... Biofilm plays a central role in reactions with pipe materials, and thus an increasing enthusiasm for biofilm investigation is found. The biomass quantification [10][11][12], bacterial numeration [6], microbe community structure [13,14], and identification of pathogens [15][16][17] are measured and analyzed. From different pipe materials, significant diversity of bacterial abundance and community distribution is found. ...
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In the present study, the effect of pipe materials on water quality as well as the microbial community was researched with static devices as well as dynamic ones. Five kinds of pipe materials (SP: steel plastic composite pipe, SS: stainless steel pipe, DI: ductile iron pipe, CI: cast iron pipe, GS: galvanized steel pipe) were chosen, and the soaking experiment was carried out with bench-scale devices. To further investigate the performance of pipe materials over a long term, a pilot-scale simulated drinking water distribution system was constructed, and the water quality parameters were monitored for six months. The pipe materials were ranked as SP, DI, and CI by the order of increasing turbidity, CODMn, and NH3-N. Furthermore, the biofilm samples were analyzed via pyrosequencing and COG functional categories. The DI biofilm possessed the highest bacterial diversity with a Shannon index of 3.56, followed by SP (3.14) and CI (0.77). The presence of nitrate-reducing bacteria (NRB), iron-oxidizing bacteria (IOB), iron-reducing bacteria (IRB), and sulfate-reducing bacteria (SRB)was identified, and NRB composed the largest share in all pipe materials (13.0%–17.2%), with other redox bacteria making up a minor proportion (0.02%–1.52%). NRB and IRB inhibited the corrosion process while IOB and SRB enhanced it. Most dominant genera present in samples were derived firstly from soil or active sludge, indicating a turbidity problem due to soil contamination in the distribution network.
... Building water quality is influenced by many factors. These factors can include the characteristics of the incoming water , plumbing materials in the system (Lytle & Schock, 2000), temperature (Boulay & Edwards, 2001;Brett & Calverley, 1979;Li et al., 2019;Singer et al., 1981), level of corrosion present (Sarver & Edwards, 2011), layout (Lautenschlager et al., 2010), occupant water use patterns (Leslie et al., 2021), and hydraulic phenomena (Cartier et al., 2011). Metal plumbing component corrosion can leach copper (Cu), lead (Pb), iron (Fe), and other heavy metals to leach into water. ...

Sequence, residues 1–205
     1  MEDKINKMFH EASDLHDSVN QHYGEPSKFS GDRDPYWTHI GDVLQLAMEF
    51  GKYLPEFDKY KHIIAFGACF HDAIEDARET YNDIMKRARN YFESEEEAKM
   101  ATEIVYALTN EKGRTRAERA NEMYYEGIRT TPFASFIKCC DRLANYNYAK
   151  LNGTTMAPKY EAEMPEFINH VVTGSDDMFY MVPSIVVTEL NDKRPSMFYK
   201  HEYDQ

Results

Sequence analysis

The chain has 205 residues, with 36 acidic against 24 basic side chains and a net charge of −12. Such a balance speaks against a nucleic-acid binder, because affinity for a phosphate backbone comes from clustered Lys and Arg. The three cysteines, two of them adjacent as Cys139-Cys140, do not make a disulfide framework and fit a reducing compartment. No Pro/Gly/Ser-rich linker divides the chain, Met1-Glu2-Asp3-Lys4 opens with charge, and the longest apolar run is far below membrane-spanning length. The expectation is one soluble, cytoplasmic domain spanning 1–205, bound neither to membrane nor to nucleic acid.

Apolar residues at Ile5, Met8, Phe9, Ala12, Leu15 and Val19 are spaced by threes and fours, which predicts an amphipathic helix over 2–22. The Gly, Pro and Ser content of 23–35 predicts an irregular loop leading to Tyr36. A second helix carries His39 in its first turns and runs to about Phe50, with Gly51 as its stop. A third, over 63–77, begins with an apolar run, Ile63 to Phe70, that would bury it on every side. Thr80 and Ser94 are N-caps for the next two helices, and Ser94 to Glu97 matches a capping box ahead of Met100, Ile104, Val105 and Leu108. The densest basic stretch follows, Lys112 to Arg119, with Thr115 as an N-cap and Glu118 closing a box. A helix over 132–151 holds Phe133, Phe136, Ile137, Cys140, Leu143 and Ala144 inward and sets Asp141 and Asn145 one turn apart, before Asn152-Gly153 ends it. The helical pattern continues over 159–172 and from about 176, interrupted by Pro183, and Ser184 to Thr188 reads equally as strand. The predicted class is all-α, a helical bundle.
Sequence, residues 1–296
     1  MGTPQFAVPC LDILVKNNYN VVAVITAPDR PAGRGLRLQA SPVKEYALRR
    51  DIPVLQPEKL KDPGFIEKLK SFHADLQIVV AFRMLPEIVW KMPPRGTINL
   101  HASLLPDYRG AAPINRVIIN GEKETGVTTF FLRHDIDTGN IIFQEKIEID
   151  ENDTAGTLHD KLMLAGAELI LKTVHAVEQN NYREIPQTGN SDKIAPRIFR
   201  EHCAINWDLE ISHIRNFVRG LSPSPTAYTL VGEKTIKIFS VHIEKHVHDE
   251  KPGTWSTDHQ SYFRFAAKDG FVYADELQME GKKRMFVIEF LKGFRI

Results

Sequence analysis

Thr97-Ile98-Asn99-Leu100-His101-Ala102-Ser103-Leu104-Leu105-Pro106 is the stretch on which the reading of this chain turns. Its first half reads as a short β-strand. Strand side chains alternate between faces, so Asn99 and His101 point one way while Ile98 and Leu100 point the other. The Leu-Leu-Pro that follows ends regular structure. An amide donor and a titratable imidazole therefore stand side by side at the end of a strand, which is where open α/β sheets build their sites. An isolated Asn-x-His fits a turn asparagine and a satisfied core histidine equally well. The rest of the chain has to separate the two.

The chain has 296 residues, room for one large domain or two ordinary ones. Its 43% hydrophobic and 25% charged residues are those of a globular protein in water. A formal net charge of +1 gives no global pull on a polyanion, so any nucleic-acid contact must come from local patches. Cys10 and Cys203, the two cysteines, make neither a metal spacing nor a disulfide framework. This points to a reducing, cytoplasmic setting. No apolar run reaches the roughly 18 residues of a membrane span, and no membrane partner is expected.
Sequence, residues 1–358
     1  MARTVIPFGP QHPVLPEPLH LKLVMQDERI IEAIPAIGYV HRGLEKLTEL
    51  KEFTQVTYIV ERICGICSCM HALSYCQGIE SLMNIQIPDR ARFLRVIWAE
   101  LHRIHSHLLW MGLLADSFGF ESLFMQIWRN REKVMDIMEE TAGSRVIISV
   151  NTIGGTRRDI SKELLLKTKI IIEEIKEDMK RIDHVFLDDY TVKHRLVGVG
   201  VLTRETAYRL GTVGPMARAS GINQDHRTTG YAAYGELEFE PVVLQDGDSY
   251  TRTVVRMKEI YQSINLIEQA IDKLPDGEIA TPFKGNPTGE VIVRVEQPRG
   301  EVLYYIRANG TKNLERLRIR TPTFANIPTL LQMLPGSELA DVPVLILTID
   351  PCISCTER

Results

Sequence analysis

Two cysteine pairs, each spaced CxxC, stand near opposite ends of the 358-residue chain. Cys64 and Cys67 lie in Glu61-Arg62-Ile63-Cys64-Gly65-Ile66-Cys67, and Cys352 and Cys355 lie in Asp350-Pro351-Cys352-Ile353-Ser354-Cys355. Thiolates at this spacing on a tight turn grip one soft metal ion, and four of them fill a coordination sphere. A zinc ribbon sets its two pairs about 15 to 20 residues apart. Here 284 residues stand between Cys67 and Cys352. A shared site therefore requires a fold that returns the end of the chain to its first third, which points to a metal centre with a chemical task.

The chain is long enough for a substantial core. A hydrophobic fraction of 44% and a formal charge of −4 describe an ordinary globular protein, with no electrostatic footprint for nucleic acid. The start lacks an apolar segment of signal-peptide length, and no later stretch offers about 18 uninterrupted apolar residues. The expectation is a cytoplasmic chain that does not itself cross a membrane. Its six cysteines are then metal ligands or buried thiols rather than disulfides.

Significant seasonal changes in chemical and microbiological water quality can occur in buildings at different fixture locations due to temperature and time dependent reaction rates. Here, a series of calibrated plumbing hydraulic‐water quality models were developed for the extensively monitored Retrofitted Net‐zero Energy, Water & Waste (ReNEWW) house in West Lafayette, Indiana, USA. The eight new models predict the absolute level of free chlorine, total trihalomethanes, copper, iron, lead, NO3− (nitrate‐nitrogen), heterotrophic plate count (HPC), and Legionella spp. concentration at each fixture for plumbing use, operational characteristics, and design layouts of the plumbing system. Model development revealed that the carrying capacity to describe Legionella spp. growth (and other organisms) under water usage and plumbing design conditions is lacking in the literature. Reducing simulated building water use by 25% prompted increased absolute concentrations of HPC and Legionella spp., each increasing by a factor of about 105. When the simulated service line length was increased, Legionella spp. concentrations increased by up to 106 gene copies /L in the Summer season. The proposed modeling framework can be used to support better planning, design, analysis, and operational decision‐making.
... Pneumonia caused by Legionella spp. is a life-threatening pulmonary infection that is mostly caused by Legionella pneumophila [70]. In addition, another 19 species have also been confirmed as human pathogens based on results isolated from clinical specimens [71]. ...
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With increasing concerns about public health and the development of molecular techniques, new detection tools and the combination of existing approaches have increased the abilities of pathogenic bacteria monitoring by exploring new biomarkers, increasing the sensitivity and accuracy of detection, quantification, and analyzing various genes such as functional genes and antimicrobial resistance genes (ARG). Molecular methods are gradually emerging as the most popular detection approach for pathogens, in addition to the conventional culture-based plate enumeration methods. The analysis of pathogens in wastewater and the back-estimation of infections in the community, also known as wastewater-based epidemiology (WBE), is an emerging methodology and has a great potential to supplement current surveillance systems for the monitoring of infectious diseases and the early warning of outbreaks. However, as a complex matrix, wastewater largely challenges the analytical performance of molecular methods. This review synthesized the literature of typical pathogenic bacteria in wastewater, types of biomarkers, molecular methods for bacterial analysis, and their recent advances in wastewater analysis. The advantages and limitation of these molecular methods were evaluated, and their prospects in WBE were discussed to provide insight for future development.